• Similarly, obtain a copy of the latest tftp source from (ftp://ftp.kernel.org/pub/software/network/tftp/). Following the build instructions will result in the installation of the tftpd binary on the system.
  • Start the dhcp daemon by running:


dhcpd -cf /etc/dhcpd.conf

  • Start the tftp daemon by sending a SIGHUP to the xinetd daemon

kill -HUP `ps -ef|grep xinetd|grep -v grep|awk ‘{print $2}’`

  • The NFS server services need to be started up after creating the appropriate NFS shares in /etc/exports. The contents of the /etc/exports file should look like this:


#
/vmimages/install *(ro,no_root_squash)
/vmimages/kickstart *(ro,no_root_squash)
/tftpboot *(ro,no_root_squash)

  • Start NFS services by running the following commands:


# cd /etc/rc.d/init.d
# ./portmap start
# ./nfs start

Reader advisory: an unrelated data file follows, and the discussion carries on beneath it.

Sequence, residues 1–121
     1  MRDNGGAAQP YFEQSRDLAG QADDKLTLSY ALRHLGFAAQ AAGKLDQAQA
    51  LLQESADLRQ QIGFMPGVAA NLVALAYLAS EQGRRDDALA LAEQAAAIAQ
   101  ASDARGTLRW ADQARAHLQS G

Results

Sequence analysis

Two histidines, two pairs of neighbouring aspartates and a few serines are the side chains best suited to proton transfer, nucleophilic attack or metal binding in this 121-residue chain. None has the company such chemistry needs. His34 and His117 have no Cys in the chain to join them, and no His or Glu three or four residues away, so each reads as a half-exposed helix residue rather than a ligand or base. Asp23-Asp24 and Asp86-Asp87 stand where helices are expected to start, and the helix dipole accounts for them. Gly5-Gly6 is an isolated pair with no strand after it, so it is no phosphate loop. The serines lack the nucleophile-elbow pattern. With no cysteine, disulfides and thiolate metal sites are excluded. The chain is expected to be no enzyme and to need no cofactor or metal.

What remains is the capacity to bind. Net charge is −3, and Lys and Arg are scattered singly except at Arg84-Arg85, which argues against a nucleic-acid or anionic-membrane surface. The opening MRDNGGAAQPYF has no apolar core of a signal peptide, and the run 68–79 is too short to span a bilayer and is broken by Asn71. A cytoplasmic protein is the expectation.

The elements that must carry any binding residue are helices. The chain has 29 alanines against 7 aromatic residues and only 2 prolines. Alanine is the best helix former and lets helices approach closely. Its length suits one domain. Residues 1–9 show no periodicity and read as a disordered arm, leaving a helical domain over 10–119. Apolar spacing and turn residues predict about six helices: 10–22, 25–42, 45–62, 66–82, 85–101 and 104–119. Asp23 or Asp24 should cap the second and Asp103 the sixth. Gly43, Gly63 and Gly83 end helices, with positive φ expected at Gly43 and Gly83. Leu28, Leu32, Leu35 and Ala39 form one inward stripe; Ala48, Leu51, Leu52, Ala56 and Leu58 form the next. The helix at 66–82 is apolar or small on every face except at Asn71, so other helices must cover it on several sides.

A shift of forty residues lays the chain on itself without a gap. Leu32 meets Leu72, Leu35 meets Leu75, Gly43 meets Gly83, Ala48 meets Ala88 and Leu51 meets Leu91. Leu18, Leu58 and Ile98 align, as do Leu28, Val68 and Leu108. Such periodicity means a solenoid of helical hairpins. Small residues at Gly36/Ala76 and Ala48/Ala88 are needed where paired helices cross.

# ./nfslock start

  • After ensuring that the target ESX server (hardware) is plugged into the right subnet, boot the server and choose the PXE boot option. The booting from the PXE Ethernet ROM happens like this:


  1. Server boots and the PXE ROM loads, tries to acquire an IP address from the DHCP server (bootp).
  2. Once the IP address is obtained, the pxelinux.0 binary loads and obtains the vmlinuz kernel image via tftp.
  3. The initial ramdisk image (initrd, also acquired via tftp) is loaded into memory (to create the root filesystem in RAM).
  4. The kickstart configuration (ks.cfg) is acquired via NFS and used by the installer to do the “hands-free” installation.

Using the ks-config.pl script

#!/usr/bin/perl -w

# Version: 1.2 (SCCS)


use File::Copy;

use Getopt::Std;

my %Args;
my $dhcp_config = “/etc/dhcpd.conf”;
my $null = “/dev/null”;
my $tftpdir = “/tftpboot”;
my $pxedir = “$tftpdir/pxelinux.cfg”;